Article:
Global optometry has had some trying times, and it became evident in my discussions with people from across the world that there was a need to differentiate ourselves, not just in optometry, but in medical circles as a whole. As optometrists, we are responsible for all primary eye care, and dry eye disease forms a massive part of this.
Our responsibility is with our patients, and unfortunately, DED has been neglected by the eyecare industry for many years. Patients have become so accustomed to it that they will regularly tell me: “I have had this problem for so many years that I just thought I would have to live with it,” or “no one ever told me that there is something that can be done about this.” Patients are tired of continually needing eye drops that provide no long term solutions while creating a financial burden that they just cannot justify.
Having said that, we need to learn to speak about dry eye correctly to avoid causing unnecessary emotional stress. “Disease” is a serious word and should not just be thrown around with every patient presenting with a low TBUT.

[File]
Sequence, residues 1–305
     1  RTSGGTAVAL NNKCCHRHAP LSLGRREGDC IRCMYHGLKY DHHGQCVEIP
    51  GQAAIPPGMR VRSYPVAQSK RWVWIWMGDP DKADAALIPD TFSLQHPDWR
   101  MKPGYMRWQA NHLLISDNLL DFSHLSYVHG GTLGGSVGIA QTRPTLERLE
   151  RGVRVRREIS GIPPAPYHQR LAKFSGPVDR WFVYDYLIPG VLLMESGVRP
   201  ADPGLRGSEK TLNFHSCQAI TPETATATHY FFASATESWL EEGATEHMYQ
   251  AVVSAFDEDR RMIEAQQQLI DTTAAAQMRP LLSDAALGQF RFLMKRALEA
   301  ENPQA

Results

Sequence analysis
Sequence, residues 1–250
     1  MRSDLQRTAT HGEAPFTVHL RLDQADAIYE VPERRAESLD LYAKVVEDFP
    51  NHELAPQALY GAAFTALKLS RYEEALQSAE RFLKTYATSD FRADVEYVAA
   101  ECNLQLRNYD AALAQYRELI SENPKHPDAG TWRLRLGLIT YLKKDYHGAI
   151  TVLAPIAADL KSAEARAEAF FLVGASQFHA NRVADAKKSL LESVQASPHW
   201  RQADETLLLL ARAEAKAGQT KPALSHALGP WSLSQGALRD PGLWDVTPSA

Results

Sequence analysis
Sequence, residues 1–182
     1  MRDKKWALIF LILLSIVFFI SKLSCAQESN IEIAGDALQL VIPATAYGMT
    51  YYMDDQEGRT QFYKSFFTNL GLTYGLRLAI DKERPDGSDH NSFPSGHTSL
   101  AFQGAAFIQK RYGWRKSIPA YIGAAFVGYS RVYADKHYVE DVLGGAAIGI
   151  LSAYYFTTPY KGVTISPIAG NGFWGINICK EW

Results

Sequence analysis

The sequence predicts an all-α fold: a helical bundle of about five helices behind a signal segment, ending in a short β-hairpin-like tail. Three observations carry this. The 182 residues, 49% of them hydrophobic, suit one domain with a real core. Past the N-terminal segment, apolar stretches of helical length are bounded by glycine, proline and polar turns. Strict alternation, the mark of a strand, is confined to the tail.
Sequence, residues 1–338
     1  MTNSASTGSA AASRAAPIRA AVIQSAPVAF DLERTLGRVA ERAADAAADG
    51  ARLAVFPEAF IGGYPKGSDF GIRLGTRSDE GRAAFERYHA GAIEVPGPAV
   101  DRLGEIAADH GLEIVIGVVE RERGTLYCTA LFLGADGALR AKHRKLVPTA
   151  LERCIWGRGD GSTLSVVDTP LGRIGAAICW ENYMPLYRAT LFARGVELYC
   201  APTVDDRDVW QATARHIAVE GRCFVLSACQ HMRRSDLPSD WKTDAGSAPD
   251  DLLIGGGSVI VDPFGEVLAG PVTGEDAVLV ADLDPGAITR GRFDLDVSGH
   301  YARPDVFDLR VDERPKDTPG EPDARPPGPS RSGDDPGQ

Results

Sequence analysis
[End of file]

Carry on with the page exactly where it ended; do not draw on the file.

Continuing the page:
So, where do we start in addressing this issue, and what can we do to improve our patient’s quality of life?
In my 5-week, virtual classroom, I will be teaching you the essential, foundational concepts in defining and diagnosing dry eye disease based on the TFOS DEWS2 study released in 2017. But what makes this program different is that we will be making it very practical, including training on treatment methods and techniques as well as in-depth case presentations. You will also learn how to incorporate specialty services into your practices in an ethical way.
Come and join me for a FREE webinar 16th April at 19 pm GMT where we will briefly touch on some of these points. Let’s continue to learn and grow because our patients deserve the best of us!
-Marietjie Cilliers, Optometrists, South Africa
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